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Thursday, July 23, 2015

Weekly Market Highlights July (3)

Source: Amp Capital (here for full market update) & iCapital biz (subscription required)

Share markets have had a good week reflecting good news regarding Greece, better-than-expected Chinese economic data, the nuclear agreement with Iran and benign comments from US Federal Reserve chair Janet Yellen. The US dollar continued to drift higher with the perception that the US Federal Reserve is still on track to hike rates later this year (now that global risks have faded a bit) and this saw the Australian dollar, euro and yen fall. Commodity prices remained weak including oil on the back of the agreement with Iran. 

More oil to hit an already oversupplied oil market. Agreement was also reached between Iran and the US to curb the former's nuclear program and remove sanctions. Assuming it is finalised, this is good news, in particular to the extent that it will see a boost to global oil supply ultimately of around 1% per annum, providing another dampener on the world oil price. Over the last year world oil production expanded 3.1 million barrels per day, but demand only rose by 1.4 million barrels per day.

United States
US economic data was a mixed bag. While data for housing starts and permits, industrial production and the New York regional manufacturing conditions survey improved more than expected, June retail sales disappointed, the Philadelphia regional manufacturing conditions survey fell, small business confidence fell and consumer confidence slipped (but probably due to all the noise around Greece and China). Inflation readings were also mixed with producer prices up a bit more than expected but import prices remaining weak, and consumer prices in line with expectations.

So while US Federal Reserve Chair Janet Yellen is still expecting to raise interest rates later this year, it’s dependent on a further improvement in growth coming through and while the September US Federal Reserve meeting is ‘live’ for a hike it looks only 50/50 at this stage.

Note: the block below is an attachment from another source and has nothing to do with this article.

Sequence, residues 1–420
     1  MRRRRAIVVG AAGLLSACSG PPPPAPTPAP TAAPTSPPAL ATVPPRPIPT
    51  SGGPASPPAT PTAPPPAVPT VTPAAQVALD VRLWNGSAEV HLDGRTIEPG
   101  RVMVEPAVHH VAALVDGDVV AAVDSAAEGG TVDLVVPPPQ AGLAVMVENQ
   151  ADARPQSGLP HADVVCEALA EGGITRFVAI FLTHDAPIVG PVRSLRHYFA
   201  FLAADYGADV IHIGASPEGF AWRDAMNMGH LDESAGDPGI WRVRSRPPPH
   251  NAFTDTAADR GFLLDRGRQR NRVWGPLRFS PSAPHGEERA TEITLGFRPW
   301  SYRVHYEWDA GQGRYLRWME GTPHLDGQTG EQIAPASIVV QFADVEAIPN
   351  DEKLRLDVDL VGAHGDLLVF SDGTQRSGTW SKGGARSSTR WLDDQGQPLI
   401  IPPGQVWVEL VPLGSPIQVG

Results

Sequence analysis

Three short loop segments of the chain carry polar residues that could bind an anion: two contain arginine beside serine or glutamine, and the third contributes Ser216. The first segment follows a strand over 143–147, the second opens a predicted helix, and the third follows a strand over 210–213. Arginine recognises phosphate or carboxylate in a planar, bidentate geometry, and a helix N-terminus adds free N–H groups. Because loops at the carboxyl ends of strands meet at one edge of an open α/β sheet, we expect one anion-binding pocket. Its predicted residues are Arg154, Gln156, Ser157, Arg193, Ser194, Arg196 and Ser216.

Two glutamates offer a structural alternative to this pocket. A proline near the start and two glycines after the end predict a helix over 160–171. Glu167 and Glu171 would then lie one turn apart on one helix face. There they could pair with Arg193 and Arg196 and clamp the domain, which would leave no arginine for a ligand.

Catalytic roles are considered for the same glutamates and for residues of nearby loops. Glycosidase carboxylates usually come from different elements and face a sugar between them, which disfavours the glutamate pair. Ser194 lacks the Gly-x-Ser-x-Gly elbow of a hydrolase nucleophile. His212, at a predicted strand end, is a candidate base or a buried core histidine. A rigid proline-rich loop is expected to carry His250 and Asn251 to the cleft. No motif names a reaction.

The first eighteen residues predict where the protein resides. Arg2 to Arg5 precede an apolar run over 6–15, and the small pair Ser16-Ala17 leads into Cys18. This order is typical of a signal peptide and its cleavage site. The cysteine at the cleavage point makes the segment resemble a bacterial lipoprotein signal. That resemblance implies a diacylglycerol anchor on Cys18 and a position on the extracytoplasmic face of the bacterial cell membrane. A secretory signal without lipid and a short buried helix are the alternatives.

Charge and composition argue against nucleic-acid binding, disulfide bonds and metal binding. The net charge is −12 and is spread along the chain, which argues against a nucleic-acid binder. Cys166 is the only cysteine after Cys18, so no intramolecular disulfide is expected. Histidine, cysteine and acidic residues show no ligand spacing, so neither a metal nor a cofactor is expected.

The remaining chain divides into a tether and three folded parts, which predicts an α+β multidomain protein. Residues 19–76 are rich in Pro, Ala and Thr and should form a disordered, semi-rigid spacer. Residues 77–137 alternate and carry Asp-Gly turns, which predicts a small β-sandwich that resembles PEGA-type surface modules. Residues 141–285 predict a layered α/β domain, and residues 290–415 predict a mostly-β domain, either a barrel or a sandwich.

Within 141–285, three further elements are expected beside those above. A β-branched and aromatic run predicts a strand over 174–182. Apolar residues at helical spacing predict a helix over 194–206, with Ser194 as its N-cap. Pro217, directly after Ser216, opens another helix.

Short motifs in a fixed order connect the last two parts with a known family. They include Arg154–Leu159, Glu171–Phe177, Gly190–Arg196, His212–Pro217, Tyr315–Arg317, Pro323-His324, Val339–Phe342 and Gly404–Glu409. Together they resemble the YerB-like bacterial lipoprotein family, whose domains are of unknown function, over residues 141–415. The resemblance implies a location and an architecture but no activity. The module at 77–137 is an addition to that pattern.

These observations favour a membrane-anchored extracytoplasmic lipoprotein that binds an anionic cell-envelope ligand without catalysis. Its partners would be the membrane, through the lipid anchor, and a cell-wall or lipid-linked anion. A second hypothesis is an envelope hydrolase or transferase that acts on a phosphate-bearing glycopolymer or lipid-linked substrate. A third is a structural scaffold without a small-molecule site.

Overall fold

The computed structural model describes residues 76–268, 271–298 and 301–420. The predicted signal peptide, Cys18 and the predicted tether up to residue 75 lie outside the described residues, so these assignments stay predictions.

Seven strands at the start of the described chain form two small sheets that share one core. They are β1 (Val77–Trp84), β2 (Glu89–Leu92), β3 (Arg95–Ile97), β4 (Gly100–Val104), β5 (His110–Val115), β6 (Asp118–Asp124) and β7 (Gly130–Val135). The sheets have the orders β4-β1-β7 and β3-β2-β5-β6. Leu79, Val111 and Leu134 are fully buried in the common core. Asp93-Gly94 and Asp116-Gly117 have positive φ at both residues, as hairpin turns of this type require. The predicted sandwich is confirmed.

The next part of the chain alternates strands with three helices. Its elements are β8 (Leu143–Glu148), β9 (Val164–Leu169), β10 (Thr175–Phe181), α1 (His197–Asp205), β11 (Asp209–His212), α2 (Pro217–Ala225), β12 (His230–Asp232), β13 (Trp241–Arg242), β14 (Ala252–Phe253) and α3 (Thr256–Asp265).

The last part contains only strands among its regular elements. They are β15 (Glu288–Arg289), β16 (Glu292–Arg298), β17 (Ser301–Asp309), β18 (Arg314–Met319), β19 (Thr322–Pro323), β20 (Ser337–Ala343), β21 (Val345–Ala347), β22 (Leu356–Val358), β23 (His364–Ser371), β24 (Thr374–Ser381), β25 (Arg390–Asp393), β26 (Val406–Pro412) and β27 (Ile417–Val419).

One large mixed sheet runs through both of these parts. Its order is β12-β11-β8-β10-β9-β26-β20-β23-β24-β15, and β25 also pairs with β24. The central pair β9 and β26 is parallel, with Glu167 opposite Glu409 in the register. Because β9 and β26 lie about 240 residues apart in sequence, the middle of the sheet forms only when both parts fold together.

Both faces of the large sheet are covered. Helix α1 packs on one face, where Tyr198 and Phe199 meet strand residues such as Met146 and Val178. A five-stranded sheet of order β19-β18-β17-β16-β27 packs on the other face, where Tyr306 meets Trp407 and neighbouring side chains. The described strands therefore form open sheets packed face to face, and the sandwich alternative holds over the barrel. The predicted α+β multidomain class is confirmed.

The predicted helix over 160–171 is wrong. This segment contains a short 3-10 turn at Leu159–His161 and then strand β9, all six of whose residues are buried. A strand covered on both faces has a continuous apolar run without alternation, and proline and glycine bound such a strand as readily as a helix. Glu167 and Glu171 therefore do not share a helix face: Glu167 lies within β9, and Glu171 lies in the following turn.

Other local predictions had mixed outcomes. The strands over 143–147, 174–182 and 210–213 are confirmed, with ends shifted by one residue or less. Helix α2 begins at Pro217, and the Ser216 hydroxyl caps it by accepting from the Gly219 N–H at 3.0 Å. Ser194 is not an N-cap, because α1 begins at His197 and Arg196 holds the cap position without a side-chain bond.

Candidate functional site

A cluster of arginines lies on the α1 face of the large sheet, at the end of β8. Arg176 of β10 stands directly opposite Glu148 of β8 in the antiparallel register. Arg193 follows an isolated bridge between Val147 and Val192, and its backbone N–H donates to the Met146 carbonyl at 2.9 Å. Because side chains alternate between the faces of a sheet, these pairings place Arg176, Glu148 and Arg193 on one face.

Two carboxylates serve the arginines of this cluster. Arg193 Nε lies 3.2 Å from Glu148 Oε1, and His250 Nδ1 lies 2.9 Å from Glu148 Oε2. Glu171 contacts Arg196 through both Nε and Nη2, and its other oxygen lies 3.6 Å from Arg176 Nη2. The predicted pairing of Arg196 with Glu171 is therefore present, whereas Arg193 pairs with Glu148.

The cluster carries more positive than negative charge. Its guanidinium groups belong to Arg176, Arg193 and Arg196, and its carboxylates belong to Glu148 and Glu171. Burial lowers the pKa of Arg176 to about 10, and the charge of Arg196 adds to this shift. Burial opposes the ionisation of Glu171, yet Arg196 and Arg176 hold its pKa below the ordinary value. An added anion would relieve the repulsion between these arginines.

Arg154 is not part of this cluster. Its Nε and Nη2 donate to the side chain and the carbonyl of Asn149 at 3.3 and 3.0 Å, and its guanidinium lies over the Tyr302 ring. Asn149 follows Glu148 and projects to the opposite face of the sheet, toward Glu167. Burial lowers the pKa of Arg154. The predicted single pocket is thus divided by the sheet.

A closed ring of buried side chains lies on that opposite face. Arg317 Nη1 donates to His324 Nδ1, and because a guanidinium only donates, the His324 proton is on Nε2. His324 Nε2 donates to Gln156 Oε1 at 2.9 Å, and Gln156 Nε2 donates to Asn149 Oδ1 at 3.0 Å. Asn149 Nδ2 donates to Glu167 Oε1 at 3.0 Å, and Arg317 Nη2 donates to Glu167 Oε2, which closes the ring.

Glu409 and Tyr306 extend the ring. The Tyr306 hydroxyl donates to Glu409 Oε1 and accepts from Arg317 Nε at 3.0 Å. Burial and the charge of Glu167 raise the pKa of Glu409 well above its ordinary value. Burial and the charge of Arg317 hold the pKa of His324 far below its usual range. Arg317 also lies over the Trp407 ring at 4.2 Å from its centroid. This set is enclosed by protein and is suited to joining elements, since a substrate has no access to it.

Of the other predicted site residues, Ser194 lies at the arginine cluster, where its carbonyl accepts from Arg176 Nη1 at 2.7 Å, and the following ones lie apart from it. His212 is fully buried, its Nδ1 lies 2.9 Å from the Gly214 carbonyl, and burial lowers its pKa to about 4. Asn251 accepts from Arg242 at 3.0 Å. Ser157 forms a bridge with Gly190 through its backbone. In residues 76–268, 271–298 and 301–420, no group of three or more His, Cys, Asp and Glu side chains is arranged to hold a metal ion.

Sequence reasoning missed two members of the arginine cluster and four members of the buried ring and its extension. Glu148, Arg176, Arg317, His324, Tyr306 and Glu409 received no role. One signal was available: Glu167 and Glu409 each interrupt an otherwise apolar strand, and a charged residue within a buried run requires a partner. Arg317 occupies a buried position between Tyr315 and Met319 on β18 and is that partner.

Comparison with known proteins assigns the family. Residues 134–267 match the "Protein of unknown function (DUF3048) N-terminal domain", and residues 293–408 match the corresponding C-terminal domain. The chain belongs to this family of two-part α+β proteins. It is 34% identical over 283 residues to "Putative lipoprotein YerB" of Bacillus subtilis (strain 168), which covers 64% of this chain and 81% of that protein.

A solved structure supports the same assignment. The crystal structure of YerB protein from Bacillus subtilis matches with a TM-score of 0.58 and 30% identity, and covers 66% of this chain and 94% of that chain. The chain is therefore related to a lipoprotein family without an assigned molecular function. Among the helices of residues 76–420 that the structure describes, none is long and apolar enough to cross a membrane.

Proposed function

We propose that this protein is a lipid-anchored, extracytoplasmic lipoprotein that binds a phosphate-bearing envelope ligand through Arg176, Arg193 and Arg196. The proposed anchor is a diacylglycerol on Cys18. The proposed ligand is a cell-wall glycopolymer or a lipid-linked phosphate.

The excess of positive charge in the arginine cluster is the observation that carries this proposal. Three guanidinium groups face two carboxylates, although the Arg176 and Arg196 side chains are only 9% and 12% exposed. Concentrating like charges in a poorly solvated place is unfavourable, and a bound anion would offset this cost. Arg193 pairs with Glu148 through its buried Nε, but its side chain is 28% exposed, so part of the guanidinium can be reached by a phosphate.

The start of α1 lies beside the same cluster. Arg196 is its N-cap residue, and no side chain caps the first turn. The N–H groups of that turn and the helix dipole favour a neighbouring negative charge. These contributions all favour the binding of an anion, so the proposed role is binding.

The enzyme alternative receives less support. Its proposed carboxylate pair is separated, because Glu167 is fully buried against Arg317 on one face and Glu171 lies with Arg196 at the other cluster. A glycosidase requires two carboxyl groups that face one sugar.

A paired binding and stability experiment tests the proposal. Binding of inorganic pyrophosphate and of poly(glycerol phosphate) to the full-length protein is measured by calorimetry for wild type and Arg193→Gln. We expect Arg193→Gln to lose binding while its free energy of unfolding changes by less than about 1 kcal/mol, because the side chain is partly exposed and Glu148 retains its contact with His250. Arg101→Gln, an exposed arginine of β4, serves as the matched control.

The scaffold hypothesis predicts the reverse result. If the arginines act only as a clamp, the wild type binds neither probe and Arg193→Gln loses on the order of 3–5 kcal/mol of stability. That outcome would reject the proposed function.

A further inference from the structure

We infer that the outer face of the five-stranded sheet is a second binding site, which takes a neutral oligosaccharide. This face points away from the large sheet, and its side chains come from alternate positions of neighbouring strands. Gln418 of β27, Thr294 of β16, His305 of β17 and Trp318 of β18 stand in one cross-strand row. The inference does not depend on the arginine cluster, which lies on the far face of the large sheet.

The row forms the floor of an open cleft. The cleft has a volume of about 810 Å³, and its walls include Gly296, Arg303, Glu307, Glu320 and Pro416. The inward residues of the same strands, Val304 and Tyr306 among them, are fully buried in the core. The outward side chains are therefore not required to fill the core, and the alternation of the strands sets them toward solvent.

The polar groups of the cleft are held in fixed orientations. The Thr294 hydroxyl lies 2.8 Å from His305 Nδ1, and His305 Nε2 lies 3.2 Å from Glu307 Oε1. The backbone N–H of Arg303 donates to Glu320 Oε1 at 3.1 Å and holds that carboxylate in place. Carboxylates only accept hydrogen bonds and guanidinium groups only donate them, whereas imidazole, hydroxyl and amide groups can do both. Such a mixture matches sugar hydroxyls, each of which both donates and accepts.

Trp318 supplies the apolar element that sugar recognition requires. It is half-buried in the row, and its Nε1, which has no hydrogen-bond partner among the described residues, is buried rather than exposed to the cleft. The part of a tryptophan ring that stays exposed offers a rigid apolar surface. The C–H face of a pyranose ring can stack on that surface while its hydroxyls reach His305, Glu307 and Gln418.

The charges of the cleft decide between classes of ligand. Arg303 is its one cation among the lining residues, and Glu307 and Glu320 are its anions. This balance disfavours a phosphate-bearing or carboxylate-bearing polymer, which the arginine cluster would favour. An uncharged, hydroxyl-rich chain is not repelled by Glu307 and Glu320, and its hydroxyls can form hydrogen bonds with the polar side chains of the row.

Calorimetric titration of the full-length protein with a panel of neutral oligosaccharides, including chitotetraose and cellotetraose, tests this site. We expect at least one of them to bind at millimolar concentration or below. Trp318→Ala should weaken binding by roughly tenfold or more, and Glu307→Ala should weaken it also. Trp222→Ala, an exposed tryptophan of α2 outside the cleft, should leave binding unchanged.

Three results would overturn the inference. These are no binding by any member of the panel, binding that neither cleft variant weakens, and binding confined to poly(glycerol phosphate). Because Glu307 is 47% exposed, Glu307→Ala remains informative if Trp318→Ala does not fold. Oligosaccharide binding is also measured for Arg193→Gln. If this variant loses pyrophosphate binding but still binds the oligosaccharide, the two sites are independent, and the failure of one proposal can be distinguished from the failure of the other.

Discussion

US June quarter company earnings are doing it again. Each quarter market expectations for US profits get guided too low and the actual outcome ends up being better. The same seems to be happening for the June quarter results, where the consensus started with a -5.3% year on year decline, but after 72% of results to date have beaten expectations has already been revised up to -3.2%. It’s likely to end up slightly positive. So yes the strong US dollar is impacting but not as much as feared.

Grexit off! - at least for now. Agreement was finally reached between Greece and its creditors on a path towards a new three-year bailout program. Greece has met its commitment to pass various reforms through its parliament, the deal has already been approved by several Eurozone parliaments including Germany and Finland, €7 billion in bridging finance has been arranged for Greece to make its near-term debt payments and the European Central Bank has increased its liquidity assistance for Greek banks. 

Given that the Greek economy will likely get worse before it gets better and debt relief is still a way off (after program reviews) another rebellion by Greece - reopening the prospect of a Grexit - remains a risk. But in the short term, Greece is likely to fade as an issue. The key for investors to bear in mind though is that the risk of contagion flowing from Greece to other Eurozone countries is now substantially reduced compared to several years ago - with other vulnerable countries now in much better shape and defence mechanisms much stronger. Through the recent turmoil the highest Italian and Spanish 10-year bond yields got to was just 2.4%, a
fraction of the 7% plus seen in 2011-12. 

There were no surprises from the European Central Bank which left monetary policy unchanged, but signalled a preparedness to ease if there is an unwarranted tightening in monetary conditions. A fall in May industrial production in the Eurozone was disappointing, but the European Central Bank's latest bank survey revealed no tightening in lending conditions and improving credit demand, which is good news given the background of the Greek turmoil.

The Chinese share market continued its recovery, helped by rumours that the China Securities Finance Corporation has up to RMB3 trillion (or A$652 billion) with which to buy shares if needed. The proportion of Chinese shares in trading halts has now fallen to 23%, from a high of around 40%. 

Chinese economic data was all a bit stronger than expected, confirming earlier signs that growth had improved somewhat. June quarter gross domestic product growth held constant at 7% year-on-year, but improved on a quarterly basis from 1.4% to 1.7%. 

The Bank of Japan left monetary policy unchanged but nudged down its growth and inflation forecasts a bit. Further easing is still possible with inflation well below target.

Not much exiting news in Malaysia, mostly 1MDB's never ending saga. The most interesting item to look forward is our Budget in the month of October as well as Q2 economic numbers in the coming weeks. This was in Bloomberg's front page news this week after Dow Jones tells PM's lawyers to school client. 

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